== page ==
If you’re looking for a new apartment or will be soon, beware: some clauses are illegal. This means they cannot be part of a lease, whether the landlord puts them in writing or communicates them to you verbally.
Contrary to what many people believe, a landlord cannot require a security deposit when a tenant signs a lease. You can agree voluntarily to make such a deposit, but it is illegal for a landlord to require it. Nothing changes if the deposit is called a “key deposit” or a “guarantee against damages” – it’s still illegal. The only sum the landlord can require you to pay upon signing the lease is the first month’s rent.
Your landlord cannot ask for a security deposit during the lease either. The landlord is only entitled to the rent mentioned in the lease on the due date (usually the first of the month). Your landlord therefore cannot require you to pay your rent in advance by providing post-dated cheques, for example.
Responsibility for damages
A clause in a lease declaring that the landlord is not responsible for any damages may or may not be legal. It depends on the circumstances.
This is known as a clause limiting or releasing someone from responsibility. It never applies if a tenant suffers physical or psychological harm due to the landlord’s fault. This means you could sue your landlord in this situation, even if there is a clause in the lease stating the landlord is not responsible.
However, things are less clear if you suffer damage to your belongings. A court would look at your landlord’s actions. If the court decides that the damage was caused intentionally or due to recklessness, carelessness or extreme negligence, the court would hold the landlord held responsible and order them to pay you compensation. A clause in the lease stating the landlord is not responsible would not apply in this case.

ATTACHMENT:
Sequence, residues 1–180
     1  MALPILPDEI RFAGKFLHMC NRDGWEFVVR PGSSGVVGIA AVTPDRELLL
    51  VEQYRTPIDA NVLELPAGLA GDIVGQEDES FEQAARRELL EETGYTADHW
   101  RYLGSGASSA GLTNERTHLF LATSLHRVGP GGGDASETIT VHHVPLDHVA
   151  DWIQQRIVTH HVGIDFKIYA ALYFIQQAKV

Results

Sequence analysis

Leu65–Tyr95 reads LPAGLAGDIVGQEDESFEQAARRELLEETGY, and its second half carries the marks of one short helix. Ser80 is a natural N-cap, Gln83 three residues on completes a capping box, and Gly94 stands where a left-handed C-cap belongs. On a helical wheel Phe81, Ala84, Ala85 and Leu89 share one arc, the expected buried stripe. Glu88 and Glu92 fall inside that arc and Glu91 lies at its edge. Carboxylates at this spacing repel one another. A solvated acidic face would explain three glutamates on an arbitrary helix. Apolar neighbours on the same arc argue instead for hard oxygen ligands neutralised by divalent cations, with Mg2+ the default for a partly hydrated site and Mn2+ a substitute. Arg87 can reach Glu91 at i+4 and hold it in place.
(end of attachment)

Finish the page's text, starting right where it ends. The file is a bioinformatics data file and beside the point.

However, if your landlord acted reasonably at all times, such a clause would protect them from having to pay compensation or might limit the amount they have to pay.
Your landlord cannot include a clause stating they can cancel your lease and force you to leave whenever they wish. In Quebec, tenants have the right to remain in their apartments as long as they respect all the lease conditions. This is an important protection that tenants enjoy here. To force a tenant to leave, a landlord must find a legal exception to this rule. Two such exceptions are eviction to carry out certain major projects and repossession by the landlord to move in or to house a family member. Both are subject to strict legal rules.
In both cases, the landlord must send you an advance notice with all the details of their request, and you can contest the request if you believe it is illegal or disagree with it.
For more information on these two exceptions to the tenant’s right to remain in their apartment, see the website of the Tribunal administratif du logement (TAL, formerly Régie du logement or rental board).